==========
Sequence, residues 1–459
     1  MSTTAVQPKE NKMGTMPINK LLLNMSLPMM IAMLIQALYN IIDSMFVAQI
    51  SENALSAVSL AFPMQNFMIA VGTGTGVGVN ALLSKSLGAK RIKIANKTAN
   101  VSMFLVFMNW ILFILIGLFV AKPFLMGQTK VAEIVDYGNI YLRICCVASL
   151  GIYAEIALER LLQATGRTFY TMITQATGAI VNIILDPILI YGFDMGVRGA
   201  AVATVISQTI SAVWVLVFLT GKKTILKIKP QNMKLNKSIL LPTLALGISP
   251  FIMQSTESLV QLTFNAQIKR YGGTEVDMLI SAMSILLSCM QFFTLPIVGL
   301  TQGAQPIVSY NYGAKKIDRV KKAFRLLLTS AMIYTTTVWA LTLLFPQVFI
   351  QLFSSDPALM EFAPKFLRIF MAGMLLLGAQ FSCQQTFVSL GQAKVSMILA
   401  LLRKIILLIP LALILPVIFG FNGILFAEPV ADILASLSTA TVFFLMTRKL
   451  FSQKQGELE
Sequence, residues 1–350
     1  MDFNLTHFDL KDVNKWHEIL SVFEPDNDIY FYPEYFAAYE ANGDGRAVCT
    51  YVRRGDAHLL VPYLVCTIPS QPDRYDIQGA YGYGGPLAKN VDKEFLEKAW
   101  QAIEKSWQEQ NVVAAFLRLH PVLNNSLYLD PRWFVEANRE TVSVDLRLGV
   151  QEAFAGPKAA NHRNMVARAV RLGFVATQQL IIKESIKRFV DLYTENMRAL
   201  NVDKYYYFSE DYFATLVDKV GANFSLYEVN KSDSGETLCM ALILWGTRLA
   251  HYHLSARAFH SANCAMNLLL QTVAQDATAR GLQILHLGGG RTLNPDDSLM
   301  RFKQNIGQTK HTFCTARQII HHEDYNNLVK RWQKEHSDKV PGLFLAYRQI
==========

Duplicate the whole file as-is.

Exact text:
Sequence, residues 1–459
     1  MSTTAVQPKE NKMGTMPINK LLLNMSLPMM IAMLIQALYN IIDSMFVAQI
    51  SENALSAVSL AFPMQNFMIA VGTGTGVGVN ALLSKSLGAK RIKIANKTAN
   101  VSMFLVFMNW ILFILIGLFV AKPFLMGQTK VAEIVDYGNI YLRICCVASL
   151  GIYAEIALER LLQATGRTFY TMITQATGAI VNIILDPILI YGFDMGVRGA
   201  AVATVISQTI SAVWVLVFLT GKKTILKIKP QNMKLNKSIL LPTLALGISP
   251  FIMQSTESLV QLTFNAQIKR YGGTEVDMLI SAMSILLSCM QFFTLPIVGL
   301  TQGAQPIVSY NYGAKKIDRV KKAFRLLLTS AMIYTTTVWA LTLLFPQVFI
   351  QLFSSDPALM EFAPKFLRIF MAGMLLLGAQ FSCQQTFVSL GQAKVSMILA
   401  LLRKIILLIP LALILPVIFG FNGILFAEPV ADILASLSTA TVFFLMTRKL
   451  FSQKQGELE
Sequence, residues 1–350
     1  MDFNLTHFDL KDVNKWHEIL SVFEPDNDIY FYPEYFAAYE ANGDGRAVCT
    51  YVRRGDAHLL VPYLVCTIPS QPDRYDIQGA YGYGGPLAKN VDKEFLEKAW
   101  QAIEKSWQEQ NVVAAFLRLH PVLNNSLYLD PRWFVEANRE TVSVDLRLGV
   151  QEAFAGPKAA NHRNMVARAV RLGFVATQQL IIKESIKRFV DLYTENMRAL
   201  NVDKYYYFSE DYFATLVDKV GANFSLYEVN KSDSGETLCM ALILWGTRLA
   251  HYHLSARAFH SANCAMNLLL QTVAQDATAR GLQILHLGGG RTLNPDDSLM
   301  RFKQNIGQTK HTFCTARQII HHEDYNNLVK RWQKEHSDKV PGLFLAYRQI